Bulletin of Dental Education

Pennsylvania College of Technology’s Dental Hygiene Hails Largest Group of Male Graduates

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Pennsylvania College of Technology’s dental hygiene graduating class of 2024 represents the most men the program has ever enrolled.

Forty students are accepted into the program each year. Five men were part of the cohort that graduated on May 10, 2024.  

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Men have been allowed to work in dental hygiene—originally conceived as an ideal career pursuit for women—since 1965, but they remain a minority in the profession. While the prevalence of men in nursing has grown, the same has not been true in dental hygiene, with women representing about 94% of registered dental hygienists.

“I do have concerns about people’s perspective about men in dental hygiene,” said student Ty D. Turba, of Houtzdale, PA. “I have already experienced situations where I am asked why I am the one cleaning their teeth and not ‘the girls.’”

Still, Mr. Turba and his male classmates are excited to enter the dental hygiene profession, sharing a drive to help and connect with others.

“The social aspect is a big factor that drew me to this career, and it still is a big motivator,” said Mikey E. Strohm III, a student from Thompsontown, PA. “I would consider myself a social person, and I am excited to talk to all kinds of different people and get to know them and their experiences.”

“I’ve always enjoyed just talking to people, taking care of people, helping people out,” said Wangden T. Nangpa, of Medford, MA.

“I don’t like being glued to a desk all the time,” he added. “I want to be with other people. You get another person to yourself for a whole hour, and that’s exactly what I’m looking for in my profession.”

“I believe I excel at communicating on a one-on-one basis, and this will be perfect for me,” said Orlando D. Bellaman, a student from Annville, PA.

Mr. Bellaman left warehouse work to pursue dental hygiene. “I told myself I would never work another warehouse job again. I put everything on the line, and that was the fuel to my fire.”

Similarly, Joshua Quigley, of Williamsport, PA, left a job in education.

His four male classmates knew early on that they wanted to enter the dental profession: Mr. Bellaman had excelled in a dental assisting program in high school and was named student of the year at the school in 2014. Mr. Strohm began researching the profession when career-interest surveys consistently included dental in their lists of results. “I dug a little deeper…and became pretty passionate in pursuing it as my own career,” he said. And Mr. Turba had always wanted to be in the dental profession. “I began dental assisting and wanted to do more,” he said.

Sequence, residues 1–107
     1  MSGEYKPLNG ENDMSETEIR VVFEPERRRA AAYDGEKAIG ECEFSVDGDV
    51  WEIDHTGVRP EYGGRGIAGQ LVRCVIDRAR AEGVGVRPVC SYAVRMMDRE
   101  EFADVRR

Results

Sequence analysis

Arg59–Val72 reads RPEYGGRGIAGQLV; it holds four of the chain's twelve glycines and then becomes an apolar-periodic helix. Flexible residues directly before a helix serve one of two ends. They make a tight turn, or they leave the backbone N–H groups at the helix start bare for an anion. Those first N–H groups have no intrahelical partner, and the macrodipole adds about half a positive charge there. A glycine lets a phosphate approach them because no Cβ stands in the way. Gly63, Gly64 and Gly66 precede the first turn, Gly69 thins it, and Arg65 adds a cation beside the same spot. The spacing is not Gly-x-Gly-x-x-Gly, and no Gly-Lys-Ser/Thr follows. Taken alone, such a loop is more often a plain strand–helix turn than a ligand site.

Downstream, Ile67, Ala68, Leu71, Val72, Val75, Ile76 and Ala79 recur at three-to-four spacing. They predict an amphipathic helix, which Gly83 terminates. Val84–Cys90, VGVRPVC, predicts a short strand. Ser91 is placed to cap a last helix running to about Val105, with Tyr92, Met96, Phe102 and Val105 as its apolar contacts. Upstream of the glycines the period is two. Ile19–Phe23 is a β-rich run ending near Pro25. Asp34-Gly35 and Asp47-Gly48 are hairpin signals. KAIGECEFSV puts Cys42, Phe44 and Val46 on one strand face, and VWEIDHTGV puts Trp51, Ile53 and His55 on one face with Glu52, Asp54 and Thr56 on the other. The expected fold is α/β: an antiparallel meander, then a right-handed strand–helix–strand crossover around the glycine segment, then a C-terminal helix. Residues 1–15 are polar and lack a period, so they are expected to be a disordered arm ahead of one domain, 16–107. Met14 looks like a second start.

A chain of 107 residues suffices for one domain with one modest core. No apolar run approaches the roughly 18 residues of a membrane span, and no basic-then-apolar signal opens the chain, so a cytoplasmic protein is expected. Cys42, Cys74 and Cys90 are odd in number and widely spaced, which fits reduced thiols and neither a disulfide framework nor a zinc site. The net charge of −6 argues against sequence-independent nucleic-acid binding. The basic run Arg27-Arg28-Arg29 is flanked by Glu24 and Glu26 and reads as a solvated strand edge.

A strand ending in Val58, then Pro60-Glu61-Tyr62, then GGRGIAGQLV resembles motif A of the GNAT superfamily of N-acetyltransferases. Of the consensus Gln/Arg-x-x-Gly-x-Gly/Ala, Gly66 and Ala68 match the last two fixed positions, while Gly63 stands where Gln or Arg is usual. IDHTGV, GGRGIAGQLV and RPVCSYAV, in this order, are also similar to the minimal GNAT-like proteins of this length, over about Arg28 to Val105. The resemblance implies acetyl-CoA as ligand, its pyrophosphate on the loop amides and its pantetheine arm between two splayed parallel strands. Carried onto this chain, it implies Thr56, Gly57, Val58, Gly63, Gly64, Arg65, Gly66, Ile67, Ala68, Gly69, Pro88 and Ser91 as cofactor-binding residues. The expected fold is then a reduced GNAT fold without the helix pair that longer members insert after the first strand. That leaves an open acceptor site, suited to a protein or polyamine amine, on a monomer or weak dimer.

But Mr. Quigley’s search took longer.

“I knew I wanted to help people; I knew that was why I was put on this earth,” said Mr. Quigley. But he didn’t know in what capacity until he went to get his teeth cleaned. He asked his dental hygienist—as he’d been asking many people—how she had found her passion.

“I listened to her story, and I got totally inspired,” he said. He likened the feeling he had when the hygienist allowed him to hold an instrument to an out-of-body experience. He called his girlfriend, who told him to sit on the idea before plowing ahead. After several months, his interest had not waned, so he began prerequisite coursework.

Both Mr. Bellaman and Mr. Quigley are excited to become the first in their families to graduate from college.

“All of my friends and family are excited I have chosen this pathway,” said Mr. Bellaman. “I am the first of my siblings to attend college. There has been nothing but support and motivation to keep pushing forward.”

The students feel prepared, thanks to the Pennsylvania College of Technology’s Dental Hygiene Program’s faculty and staff, including Director Shawn A. Kiser, D.Ed., RDH, also a graduate of the college’s dental hygiene program, and fellow students.

“This experience is teaching me more than dental hygiene; it is teaching me about who I am,” said Mr. Quigley. “This program and Penn College are bringing out the best in me and teaching me how to be the best me I can be. I am thrilled to be at Penn College and would not want to be anywhere else.”

“I also would describe my experience here at Penn College as nothing short of amazing,” said Mr. Strohm said. “I don’t exaggerate in the slightest when I say that my instructors are some of the best I have ever had. They are always encouraging and supportive in everyone’s success, and they never waiver, no matter what they are experiencing.”

“There are going to be easy patients, and there are going to be challenging patients who we must be able to care for,” said Mr. Bellaman. “The program at Penn College is intensely rigorous and shows no shortage of information and real skills to learn.”

Pennsylvania College of Technology’s offers bachelor’s and associate degrees in dental hygiene. To learn more, visit www.pct.edu/dental.

For information about Pennsylvania College of Technology, a national leader in applied technology education, visit www.pct.edu.

Courtesy of the Pennsylvania College of Technology Dental Hygiene Program

Published on June 12, 2024

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